|Sony A7R II||Y||stereo||mono||Y||Y||micro||2.0||Y||Y||-||Sony A7R II|
|Sony A7S II||Y||stereo||mono||Y||Y||micro||2.0||Y||Y||-||Sony A7S II|
It is notable that the A7R III has a microphone port, which can help to improve the quality of audio recordings by attaching an external microphone. The G1X Mark II does not feature such a mic input.
Studio photographers will appreciate that the Sony A7R III (unlike the G1X Mark II) features a PC Sync socket, so that professional strobe lights can be controlled by the camera.
The G1X Mark II is a recent model that features in the current product line-up of Canon. In contrast, the A7R III has been discontinued (but it can be found pre-owned on eBay). As a replacement in the same line of cameras, the A7R III was succeeded by the Sony A7R IV. Further information on the two cameras (e.g. user guides, manuals), as well as related accessories, can be found on the official Canon and Sony websites.
So how do things add up? Is the Canon G1 X Mark II better than the Sony A7R III or vice versa? Below is a summary of the relative strengths of each of the two contestants.
Arguments in favor of the Canon PowerShot G1 X Mark II:
- Better moiré control: Has an anti-alias filter to avoid artificial patterns to appear in images.
- More selfie-friendly: Has an articulated screen that can be turned to be front-facing.
- Ready to shoot: Has a lens built-in, whereas the A7R III requires a separate lens.
- More compact: Is smaller (116x74mm vs 127x96mm) and thus needs less room in the bag.
- Less heavy: Is lighter even though it comes with a built-in lens (unlike the A7R III).
- Easier fill-in: Is equipped with a small onboard flash to brighten deep shadow areas.
- More affordable: Was introduced at a lower price, despite coming with a built-in lens.
- More heavily discounted: Has been available for much longer (launched in February 2014).
Reasons to prefer the Sony Alpha A7R III:
- More detail: Has more megapixels (42.2 vs 13MP), which boosts linear resolution by 84%.
- Maximized detail: Lacks an anti-alias filter to exploit the sensor's full resolution potential.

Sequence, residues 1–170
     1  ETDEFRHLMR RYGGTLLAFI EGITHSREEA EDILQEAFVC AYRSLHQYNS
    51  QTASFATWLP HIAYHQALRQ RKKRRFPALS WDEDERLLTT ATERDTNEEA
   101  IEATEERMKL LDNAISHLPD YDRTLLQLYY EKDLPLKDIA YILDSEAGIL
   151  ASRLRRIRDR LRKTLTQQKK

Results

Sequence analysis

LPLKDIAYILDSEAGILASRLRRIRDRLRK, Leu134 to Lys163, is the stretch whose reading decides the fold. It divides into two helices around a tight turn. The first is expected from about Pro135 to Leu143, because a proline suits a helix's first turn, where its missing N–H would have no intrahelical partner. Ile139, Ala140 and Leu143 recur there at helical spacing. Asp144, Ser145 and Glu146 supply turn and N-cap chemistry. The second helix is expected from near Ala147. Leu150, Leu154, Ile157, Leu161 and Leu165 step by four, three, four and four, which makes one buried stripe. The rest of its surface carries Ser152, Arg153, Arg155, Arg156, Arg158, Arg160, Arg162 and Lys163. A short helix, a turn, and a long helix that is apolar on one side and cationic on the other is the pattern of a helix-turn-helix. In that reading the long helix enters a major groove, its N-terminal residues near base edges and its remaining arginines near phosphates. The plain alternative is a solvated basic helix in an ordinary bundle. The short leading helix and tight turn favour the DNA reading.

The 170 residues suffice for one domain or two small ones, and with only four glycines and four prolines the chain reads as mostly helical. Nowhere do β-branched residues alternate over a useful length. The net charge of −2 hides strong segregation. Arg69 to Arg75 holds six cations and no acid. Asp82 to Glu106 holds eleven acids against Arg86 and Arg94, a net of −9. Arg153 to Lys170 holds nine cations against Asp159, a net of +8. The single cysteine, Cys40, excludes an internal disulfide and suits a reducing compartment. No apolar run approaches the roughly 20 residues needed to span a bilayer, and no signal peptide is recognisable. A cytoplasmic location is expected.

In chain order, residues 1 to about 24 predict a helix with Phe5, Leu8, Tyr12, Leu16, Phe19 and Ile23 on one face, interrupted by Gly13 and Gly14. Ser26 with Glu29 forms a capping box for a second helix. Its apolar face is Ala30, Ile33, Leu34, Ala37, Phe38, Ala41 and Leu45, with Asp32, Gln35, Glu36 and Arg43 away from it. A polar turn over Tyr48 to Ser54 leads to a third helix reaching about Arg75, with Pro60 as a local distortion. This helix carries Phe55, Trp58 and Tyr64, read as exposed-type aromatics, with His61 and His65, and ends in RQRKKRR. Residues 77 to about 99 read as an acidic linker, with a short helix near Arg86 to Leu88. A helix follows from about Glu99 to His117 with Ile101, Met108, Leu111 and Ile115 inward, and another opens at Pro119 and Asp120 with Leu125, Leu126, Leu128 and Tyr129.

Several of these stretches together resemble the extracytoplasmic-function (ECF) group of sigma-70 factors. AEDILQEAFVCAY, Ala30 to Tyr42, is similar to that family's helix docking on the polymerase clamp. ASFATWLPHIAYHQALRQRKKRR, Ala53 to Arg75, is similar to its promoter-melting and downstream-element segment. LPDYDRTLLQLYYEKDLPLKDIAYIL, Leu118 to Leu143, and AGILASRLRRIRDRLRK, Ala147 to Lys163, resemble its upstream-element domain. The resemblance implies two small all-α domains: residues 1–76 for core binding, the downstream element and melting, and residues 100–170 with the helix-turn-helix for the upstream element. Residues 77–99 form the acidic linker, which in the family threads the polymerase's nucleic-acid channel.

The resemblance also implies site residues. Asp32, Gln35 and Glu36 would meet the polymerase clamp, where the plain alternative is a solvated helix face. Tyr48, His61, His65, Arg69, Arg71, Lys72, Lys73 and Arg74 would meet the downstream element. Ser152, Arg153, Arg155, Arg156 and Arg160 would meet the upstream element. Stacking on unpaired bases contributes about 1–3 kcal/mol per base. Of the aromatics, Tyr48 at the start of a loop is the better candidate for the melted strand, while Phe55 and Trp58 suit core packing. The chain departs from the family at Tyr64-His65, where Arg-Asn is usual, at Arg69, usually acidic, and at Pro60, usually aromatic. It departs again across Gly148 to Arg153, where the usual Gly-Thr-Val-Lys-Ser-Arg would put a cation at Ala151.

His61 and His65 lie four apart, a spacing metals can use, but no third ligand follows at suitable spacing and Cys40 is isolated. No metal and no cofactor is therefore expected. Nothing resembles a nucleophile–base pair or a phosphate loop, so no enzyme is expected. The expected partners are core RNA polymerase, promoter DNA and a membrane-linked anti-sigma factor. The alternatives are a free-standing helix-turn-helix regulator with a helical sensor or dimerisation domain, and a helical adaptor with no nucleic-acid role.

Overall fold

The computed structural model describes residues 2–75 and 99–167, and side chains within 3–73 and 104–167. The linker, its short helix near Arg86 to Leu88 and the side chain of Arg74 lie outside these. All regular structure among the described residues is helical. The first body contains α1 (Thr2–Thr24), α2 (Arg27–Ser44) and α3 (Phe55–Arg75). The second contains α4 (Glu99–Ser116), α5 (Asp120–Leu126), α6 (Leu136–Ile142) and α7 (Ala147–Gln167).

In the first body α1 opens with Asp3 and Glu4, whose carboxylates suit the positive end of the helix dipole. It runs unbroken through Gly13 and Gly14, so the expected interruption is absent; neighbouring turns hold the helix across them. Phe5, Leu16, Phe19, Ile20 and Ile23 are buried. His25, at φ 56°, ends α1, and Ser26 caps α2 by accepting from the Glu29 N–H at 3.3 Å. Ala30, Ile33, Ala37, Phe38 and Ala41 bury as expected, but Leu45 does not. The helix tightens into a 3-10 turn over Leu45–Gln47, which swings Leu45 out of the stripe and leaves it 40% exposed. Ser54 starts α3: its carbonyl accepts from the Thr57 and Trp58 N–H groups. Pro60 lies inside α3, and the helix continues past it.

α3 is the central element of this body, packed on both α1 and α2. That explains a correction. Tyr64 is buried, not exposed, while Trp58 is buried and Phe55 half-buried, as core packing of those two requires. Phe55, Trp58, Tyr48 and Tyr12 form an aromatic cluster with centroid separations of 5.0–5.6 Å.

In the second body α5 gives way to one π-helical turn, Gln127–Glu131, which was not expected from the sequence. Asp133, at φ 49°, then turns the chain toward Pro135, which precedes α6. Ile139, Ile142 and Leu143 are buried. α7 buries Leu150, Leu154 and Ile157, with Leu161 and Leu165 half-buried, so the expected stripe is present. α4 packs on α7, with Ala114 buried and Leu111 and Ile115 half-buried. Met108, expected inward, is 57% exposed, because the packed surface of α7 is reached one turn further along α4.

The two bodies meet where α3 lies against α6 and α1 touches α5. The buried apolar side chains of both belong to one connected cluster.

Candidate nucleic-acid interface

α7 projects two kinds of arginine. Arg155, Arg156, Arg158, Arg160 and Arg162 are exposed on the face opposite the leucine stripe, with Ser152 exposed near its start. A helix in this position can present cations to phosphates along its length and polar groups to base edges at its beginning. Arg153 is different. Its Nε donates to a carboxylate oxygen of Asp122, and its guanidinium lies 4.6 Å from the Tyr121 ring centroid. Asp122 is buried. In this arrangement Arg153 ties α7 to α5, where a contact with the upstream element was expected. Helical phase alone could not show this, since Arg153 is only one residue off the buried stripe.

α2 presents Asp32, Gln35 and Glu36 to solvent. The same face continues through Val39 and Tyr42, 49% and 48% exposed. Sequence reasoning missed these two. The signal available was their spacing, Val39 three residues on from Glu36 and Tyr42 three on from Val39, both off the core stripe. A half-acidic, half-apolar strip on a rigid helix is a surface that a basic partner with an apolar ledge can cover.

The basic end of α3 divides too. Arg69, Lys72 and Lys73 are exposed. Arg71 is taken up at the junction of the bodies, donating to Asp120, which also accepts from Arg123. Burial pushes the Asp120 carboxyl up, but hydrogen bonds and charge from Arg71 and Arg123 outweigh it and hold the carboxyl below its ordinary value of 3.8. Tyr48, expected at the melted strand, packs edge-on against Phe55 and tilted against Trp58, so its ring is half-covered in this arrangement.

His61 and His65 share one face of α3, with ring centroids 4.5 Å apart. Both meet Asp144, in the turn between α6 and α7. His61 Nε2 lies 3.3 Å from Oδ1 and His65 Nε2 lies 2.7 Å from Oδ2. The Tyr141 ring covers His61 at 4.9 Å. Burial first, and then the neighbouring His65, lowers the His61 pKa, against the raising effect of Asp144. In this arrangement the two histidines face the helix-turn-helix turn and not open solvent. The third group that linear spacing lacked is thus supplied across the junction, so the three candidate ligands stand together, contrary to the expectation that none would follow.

- High quality composites: Can combine several shots after pixel-shifting its sensor.
- Better image quality: Scores substantially higher (42 points) in the DXO overall evaluation.
- Richer colors: Generates noticeably more natural colors (4.5 bits more color depth).
- More dynamic range: Captures a broader range of light and dark details (3.9 EV of extra DR).
- Better low-light sensitivity: Can shoot in dim conditions (2.6 stops ISO advantage).
- Better video: Provides higher definition movie capture (4K/30p vs 1080/30p).
- Better live-view autofocus: Features on-sensor phase-detection for more confident autofocus.
- Better sound: Can connect to an external microphone for higher quality sound recording.
- Better sound control: Has a headphone port that enables audio monitoring while recording.
- Easier framing: Has an electronic viewfinder for image composition and settings control.
- More detailed LCD: Has a higher resolution rear screen (1440k vs 1040k dots).
- Faster shutter: Has higher mechanical shutter speed (1/8000s vs 1/4000s) to freeze action.
- Faster burst: Shoots at higher frequency (10 vs 5.2 flaps/sec) to capture the decisive moment.
- Less disturbing: Has an electronic shutter option for completely silent shooting.
- More flexible: Takes interchangeable lenses and can thus be used with specialty optics.
- Longer lasting: Gets more shots (650 versus 240) out of a single battery charge.
- Easier travel charging: Can be conveniently charged via its USB port.
- Better sealing: Is splash and dust sealed for shooting in inclement weather conditions.
- Faster data transfer: Supports a more advanced USB protocol (3.1 vs 2.0).
- Easier wireless transfer: Supports Bluetooth for image sharing without cables.
- Better studio light control: Has a PC Sync socket to connect to professional strobe lights.
- Greater peace of mind: Features a second card slot as a backup in case of memory card failure.
- Faster buffer clearing: Supports a more advanced SD data transfer standard (UHS-II vs UHS-I).
- More modern: Reflects 3 years and 8 months of technical progress since the G1X Mark II launch.
If the count of relative strengths (bullet points above) is taken as a measure, the A7R III is the clear winner of the contest (25 : 8 points). However, the relevance of individual strengths will vary across photographers, so that you might want to apply your own weighing scheme to the summary points when reflecting and deciding on a new camera. A professional wildlife photographer will view the differences between cameras in a way that diverges from the perspective of a family photog, and a person interested in architecture has distinct needs from a sports shooter. Hence, the decision which camera is best and worth buying is often a very personal one.
How about other alternatives? Do the specifications of the Canon G1 X Mark II and the Sony A7R III place the cameras among the top in their class? Find out in the latest Best Travel-Zoom Camera and Best Mirrorless Interchangeable Lens Camera listings whether the two cameras rank among the cream of the crop.